The bigger the record, the more fascinating what was left behind. One question I’ve always loved asking musicians about their iconic records is what didn’t make the cut; what, if anything, is left in the can. More often than not there are demos, rejected takes or songs left lingering in a tape vault somewhere that are a fascinating window into the process behind a record like Fleetwood Mac’s immortal Rumours. Rhino’s new Rumours Deluxe Edition (4xCD, DVD, LP) has added much to the story of this 70’s colossus.
Through a variety of sourcesone being a wink from Lindsey BuckinghamI knew that there was a lot left over from the legendarily wild, drug-addled, relationship fraught Rumours sessions. For those interested in minutia this is a pretty interesting trove that may be the final word on the record. Or as Jimi Hendrix’s legacy continues to provethere may be more (and more and more…) unreleased material yet to come out.
Rumours turbulent conception, which included the breakup of the TWO relationships then going on within the band, is well known and so not to be recounted here. Whatever the hurdles to its completion, or perhaps because of them, the resulting eleven track album, which spawned four hit singleswhich were subsequently beaten into fatal overfamiliarity by both FM and AM radio in the summer of 1977sold 40 million records worldwide and has become one of rock music’s most recognized touchstones. I can think of no better example of a single record that became a cultural phenomenon; that so completely defined its moment in time like Rumours did. It’s a snapshot of the days when the record business was at the height of its powers, when records were still unchallenged by the internet or computer games as THE leisure time activity of a significant slice of humanity, affecting everyone from teenagers to young adults alike. Anyone interested in wading in, and buying an early pressing had best consult Discogs.com for catalog numbers and country of origin as there are 88 different editions across all formats. The early LP pressings of Rumours are distinguished from later issues by textured cover stock.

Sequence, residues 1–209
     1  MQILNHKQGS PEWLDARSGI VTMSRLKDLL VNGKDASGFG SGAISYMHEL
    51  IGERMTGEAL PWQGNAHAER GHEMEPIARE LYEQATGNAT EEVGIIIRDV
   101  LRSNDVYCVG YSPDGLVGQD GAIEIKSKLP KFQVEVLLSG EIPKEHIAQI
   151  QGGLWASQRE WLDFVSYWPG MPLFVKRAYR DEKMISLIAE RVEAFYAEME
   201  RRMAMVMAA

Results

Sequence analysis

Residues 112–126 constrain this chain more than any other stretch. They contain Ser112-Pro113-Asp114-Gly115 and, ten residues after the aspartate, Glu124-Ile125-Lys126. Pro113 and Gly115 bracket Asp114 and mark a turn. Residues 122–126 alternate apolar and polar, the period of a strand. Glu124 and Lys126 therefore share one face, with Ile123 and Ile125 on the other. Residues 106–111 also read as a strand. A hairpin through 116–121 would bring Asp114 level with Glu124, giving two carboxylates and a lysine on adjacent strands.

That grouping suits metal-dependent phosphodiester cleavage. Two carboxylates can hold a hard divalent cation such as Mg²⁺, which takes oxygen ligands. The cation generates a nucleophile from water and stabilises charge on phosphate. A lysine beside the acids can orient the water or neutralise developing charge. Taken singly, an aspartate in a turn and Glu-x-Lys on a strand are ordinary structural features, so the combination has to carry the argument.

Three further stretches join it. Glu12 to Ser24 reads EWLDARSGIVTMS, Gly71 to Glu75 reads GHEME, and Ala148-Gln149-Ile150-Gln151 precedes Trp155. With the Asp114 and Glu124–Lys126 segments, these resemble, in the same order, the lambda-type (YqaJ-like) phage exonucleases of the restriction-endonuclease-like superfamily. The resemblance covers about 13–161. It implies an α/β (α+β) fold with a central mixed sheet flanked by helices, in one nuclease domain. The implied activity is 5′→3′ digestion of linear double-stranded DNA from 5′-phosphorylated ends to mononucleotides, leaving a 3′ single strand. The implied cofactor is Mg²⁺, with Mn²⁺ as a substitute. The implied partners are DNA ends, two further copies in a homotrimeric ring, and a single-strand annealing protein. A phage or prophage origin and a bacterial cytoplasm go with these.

Rhino’s new edition of Rumours is a model for what today’s niche business of selling physical mediaas opposed to downloadshas to become to succeed. Housed in a gatefold LP jacket, are one 180 gram vinyl LP reissue that is quieter than the original issuethough that’s not saying much as those were the days when major labels were mass producing floppy discsas well as four CDs (the original record, a collection of Rumours tracks played live and two discs of roughs, outtakes and demos) and a DVD documentary. The big question with this set is are the 34 tracks of unreleased studio material and 12 live recordings worth having?
Happily, almost all of the extra tracks sound as good as the finished material, which is to say despite being an overlymassaged mashup of overdubs, and the object since release of much sonic nitpicking, Rumours has enough presence, detail and transparency to make it a very listenable 70’s rock album. Whether this is a fresh remaster of the original record is not mentioned in the 20 page Lp size booklet. Could the sound of the original LP been better? Yes, but this is probably as good as the source material will allow it to sound now. But again, this is probably not the final reissue so stay tuned.